The P'53/Dreyse is such an example: the P'53 had nearly 100% operating reliability anywhere in the world, whereas the Dreyse had (depending upon sources) somewhere between 60-90% just in temperate European conditions.

The Danish War was in 1864. By 1866 Britain had adopted the Snider - although it was intended as an interim conversion of the P'53, the system was far more reliable and effective than the Dreyse and other needle systems.

Tactics apart, IMHO the choice of rifle wouldn't have made that significant a difference between a British army and a European one.
 
#7
The Prussians do seem to have had the better tactics as well as the needle gun. After wiping the floor with the Danes, they then went on to give the French a good pasting in the Franco-Prussian war..

The French by this time had also adopted a needle gun, the Chassepot which was superior in almost every way to the Prussian one.. but it did not prevent them getting handed a major portion by the Prussians. The French have form here.. the Chassepot, Lebel, and the Mitralleuse should all have been show stoppers.. except they weren't! It's not wot you got, its how you use it, as the actress ect..

Muzzle loaders are perfectly fine.. as long as the opposition do not have breech loaders (or are french)!
 
#9
The Prussians do seem to have had the better tactics as well as the needle gun. After wiping the floor with the Danes, they then went on to give the French a good pasting in the Franco-Prussian war..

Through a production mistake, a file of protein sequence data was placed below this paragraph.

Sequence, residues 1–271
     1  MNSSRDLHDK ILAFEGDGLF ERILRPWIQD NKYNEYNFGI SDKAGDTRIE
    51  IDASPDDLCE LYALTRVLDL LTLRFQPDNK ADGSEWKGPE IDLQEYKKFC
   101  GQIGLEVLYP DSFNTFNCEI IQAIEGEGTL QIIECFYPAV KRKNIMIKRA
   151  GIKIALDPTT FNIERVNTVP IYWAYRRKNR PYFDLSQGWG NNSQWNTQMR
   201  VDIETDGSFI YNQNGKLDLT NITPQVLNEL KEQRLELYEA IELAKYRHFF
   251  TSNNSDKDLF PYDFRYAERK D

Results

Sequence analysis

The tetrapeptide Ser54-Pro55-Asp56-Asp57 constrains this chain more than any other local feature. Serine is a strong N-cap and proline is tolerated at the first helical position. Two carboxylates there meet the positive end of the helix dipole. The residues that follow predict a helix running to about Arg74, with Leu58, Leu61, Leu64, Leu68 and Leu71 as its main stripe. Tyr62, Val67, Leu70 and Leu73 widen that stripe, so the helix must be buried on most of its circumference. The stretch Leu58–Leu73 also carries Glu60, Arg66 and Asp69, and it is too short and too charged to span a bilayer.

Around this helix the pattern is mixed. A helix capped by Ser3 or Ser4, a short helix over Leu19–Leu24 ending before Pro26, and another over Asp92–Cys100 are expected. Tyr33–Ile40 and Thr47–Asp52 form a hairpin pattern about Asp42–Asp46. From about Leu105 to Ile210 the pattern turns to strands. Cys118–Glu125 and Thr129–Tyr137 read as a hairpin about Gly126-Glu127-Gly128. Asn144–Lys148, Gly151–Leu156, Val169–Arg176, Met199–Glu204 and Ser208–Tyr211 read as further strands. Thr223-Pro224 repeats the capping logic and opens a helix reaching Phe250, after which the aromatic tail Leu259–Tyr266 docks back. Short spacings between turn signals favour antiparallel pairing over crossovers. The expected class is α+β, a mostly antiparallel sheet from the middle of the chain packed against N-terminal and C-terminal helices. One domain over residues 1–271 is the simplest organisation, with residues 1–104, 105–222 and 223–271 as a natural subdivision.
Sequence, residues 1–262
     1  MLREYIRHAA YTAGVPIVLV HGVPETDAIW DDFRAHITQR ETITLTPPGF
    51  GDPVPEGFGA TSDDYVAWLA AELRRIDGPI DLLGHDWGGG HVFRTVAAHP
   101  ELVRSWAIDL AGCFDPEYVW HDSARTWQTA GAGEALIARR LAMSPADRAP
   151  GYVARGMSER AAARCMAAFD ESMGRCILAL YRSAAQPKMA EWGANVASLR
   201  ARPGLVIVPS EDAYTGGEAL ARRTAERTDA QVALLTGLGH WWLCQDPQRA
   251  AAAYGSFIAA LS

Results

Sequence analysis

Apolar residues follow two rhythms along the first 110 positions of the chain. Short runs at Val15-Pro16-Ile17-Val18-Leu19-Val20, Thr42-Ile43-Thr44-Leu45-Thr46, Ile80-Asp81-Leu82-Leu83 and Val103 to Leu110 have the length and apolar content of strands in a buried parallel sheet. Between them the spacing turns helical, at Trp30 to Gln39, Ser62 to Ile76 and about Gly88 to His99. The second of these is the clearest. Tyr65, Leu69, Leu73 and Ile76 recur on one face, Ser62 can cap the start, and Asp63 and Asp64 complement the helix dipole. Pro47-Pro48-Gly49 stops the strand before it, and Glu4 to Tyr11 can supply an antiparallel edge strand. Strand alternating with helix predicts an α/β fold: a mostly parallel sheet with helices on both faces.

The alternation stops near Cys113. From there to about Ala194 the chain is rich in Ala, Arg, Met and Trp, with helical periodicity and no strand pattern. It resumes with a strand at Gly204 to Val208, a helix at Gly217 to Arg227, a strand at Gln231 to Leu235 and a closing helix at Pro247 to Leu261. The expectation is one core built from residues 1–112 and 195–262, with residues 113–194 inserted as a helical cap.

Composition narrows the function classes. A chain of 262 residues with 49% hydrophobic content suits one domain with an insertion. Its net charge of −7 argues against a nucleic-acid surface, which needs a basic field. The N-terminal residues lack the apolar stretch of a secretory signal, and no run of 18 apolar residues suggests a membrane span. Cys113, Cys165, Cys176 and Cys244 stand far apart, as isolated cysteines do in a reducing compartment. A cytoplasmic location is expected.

The French by this time had also adopted a needle gun, the Chassepot which was superior in almost every way to the Prussian one.. but it did not prevent them getting handed a major portion by the Prussians. The French have form here.. the Chassepot, Lebel, and the Mitralleuse should all have been show stoppers.. except they weren't! It's not wot you got, its how you use it, as the actress ect..

Muzzle loaders are perfectly fine.. as long as the opposition do not have breech loaders (or are french)!
The major war winner for the Prussians was their artillery. Breech loaders against muzzle loaders.
Plus the shite French reservist recall system, and the fact that they are ,well, French.
 
#10
Early accounts of the use of the Snider Enfield breech loader demonstrate what a game changer it was. It ould be loaded prone (although this was not a general training point) and the rate of fire, combined with it's accuracy and beaten zone meant ti was an excellent all-round weapon, especially if the opposition were armed with nothing more than sharpened mango halves. The point is very well made above about the rigorous testing of British rifles than had to (and still have to) operate in all climate zones and were operated by semi-literate British and Imperial troops. The Boxer cartridge was surprisingly reliable and, of course, had impressive muzzle energy compared with many others of the time. The Snider-Enfield was a developmental weapon and was replaced a few years later by the superlative Martini Enfield. However, for anyone who has served in Afghanistan, the number of 'good' snider enfields in the local markets that are still in a fireable condition is a measure of the reliability of the original P53 design and the Snider modifications.
 
#11